So I have embarked on the biggest challenge at Banceithin to date. Whilst the refurb project threw up it’s fair share of obstacles, I was ultimately dealing with bricks and mortar, which could generally be persuaded to do what I wanted with a ‘tap’ from my trusty mallet. Working with flesh and bone is a different matter entirely. The butcher who prepared our last batch of piggies is selling up and moving on, so I have decided to do all the butchery from now on! This throws up all manner of issues, the main one being not having the appropriate facilities for meat preparation to allow us to sell to the public. During one of her research sessions, Philippa found a council run ‘Food Centre’ only 30 minutes away which you can hire by the day and is heavily subsidised to help small producers get into the supply chain without the need to invest in a bespoke butchery unit. RESULT!
For the last three weeks I have been undertaking various training courses to get up to speed on the whole process of turning a pig carcass into various yummy treats. The first day was an official food hygiene course where I learnt about bacteria, bugs and how not to sneeze over raw meat. I had to sit an examination at the end, and whilst I knew it couldn’t be too tough, I found myself getting palpitations when the examiner made the statement that sends shivers down most people's spines –“You may now turn over your papers”. The actual exam turned out to be pretty straight forward, mostly common sense and I have just received my certificate.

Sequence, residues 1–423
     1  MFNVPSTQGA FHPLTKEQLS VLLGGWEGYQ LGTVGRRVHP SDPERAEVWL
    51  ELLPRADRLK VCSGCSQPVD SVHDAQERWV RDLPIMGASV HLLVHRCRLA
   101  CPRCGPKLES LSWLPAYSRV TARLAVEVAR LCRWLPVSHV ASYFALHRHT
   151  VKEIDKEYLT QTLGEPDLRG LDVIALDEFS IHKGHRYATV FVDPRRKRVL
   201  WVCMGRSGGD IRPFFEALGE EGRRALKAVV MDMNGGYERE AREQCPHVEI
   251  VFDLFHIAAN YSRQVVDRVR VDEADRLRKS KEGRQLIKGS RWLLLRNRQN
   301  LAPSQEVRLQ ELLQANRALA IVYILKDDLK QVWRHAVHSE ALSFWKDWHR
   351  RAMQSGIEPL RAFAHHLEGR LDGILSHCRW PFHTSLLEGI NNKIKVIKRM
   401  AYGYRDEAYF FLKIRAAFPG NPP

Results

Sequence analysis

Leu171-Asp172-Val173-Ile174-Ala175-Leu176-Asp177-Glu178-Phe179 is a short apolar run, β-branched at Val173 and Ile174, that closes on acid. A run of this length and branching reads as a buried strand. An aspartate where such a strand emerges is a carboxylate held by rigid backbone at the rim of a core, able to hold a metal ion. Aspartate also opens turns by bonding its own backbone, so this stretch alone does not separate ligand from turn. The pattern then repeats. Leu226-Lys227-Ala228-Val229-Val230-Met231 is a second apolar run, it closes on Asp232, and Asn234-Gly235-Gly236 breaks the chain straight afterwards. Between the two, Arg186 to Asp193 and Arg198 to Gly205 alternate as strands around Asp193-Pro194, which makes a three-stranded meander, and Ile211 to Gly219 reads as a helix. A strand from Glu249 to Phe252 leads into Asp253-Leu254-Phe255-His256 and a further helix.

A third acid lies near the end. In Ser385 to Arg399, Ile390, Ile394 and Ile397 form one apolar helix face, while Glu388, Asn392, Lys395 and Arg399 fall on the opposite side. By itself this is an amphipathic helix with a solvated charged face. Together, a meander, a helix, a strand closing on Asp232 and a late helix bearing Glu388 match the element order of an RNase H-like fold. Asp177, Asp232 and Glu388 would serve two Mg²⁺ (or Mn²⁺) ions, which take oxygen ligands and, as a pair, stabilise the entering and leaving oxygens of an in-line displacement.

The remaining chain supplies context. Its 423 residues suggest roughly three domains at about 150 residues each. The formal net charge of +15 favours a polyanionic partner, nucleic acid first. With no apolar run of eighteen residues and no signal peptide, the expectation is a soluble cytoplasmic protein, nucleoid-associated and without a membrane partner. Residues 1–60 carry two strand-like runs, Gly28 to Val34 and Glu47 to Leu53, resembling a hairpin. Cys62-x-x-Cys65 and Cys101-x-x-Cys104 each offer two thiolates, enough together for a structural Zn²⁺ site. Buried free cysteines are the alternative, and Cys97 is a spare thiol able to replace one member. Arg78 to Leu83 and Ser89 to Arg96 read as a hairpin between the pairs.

With that under my belt I did a two day pig cutting course. I can now split a carcass into it’s ‘primal’ cuts, being the shoulder, hand and spring, the loin and belly, and the leg and chump. I’ve deboned a shoulder and leg and have got the butcher's knot down to a fine art. The next stage was to make sausages out of the cubed shoulder. The machines at the centre are fantastic and can mince 10kg of pork in a couple of minutes. The centre made us use ready made sausage mixes, used by all supermarkets and most butchers. We’ve decided the Banceithin sausage will not be like those other sausages, and we want to control everything that goes into them, so I have been starting to do small batches in our kitchen to get the herb and spices mixture right.
I’m looking to do three types of sausage, a good breakfast sausage with sage, a spicy one and a garlic one.
The first test was ok, but my mincer was set too fine so the sausages were a little firm. Next test I’ll be using the coarse setting, though this process is more about getting the flavour right, as I will be using the Food Centre's equipment to make the sausages to sell to the public.
The final training day this week was to learn how to dry cure and brine cure meat to make hams and bacon. Mmmmmm! It’s so simple, and I can’t wait to produce my own bacon. I just hope we don’t sell too much of it, as I want to keep it all for myself!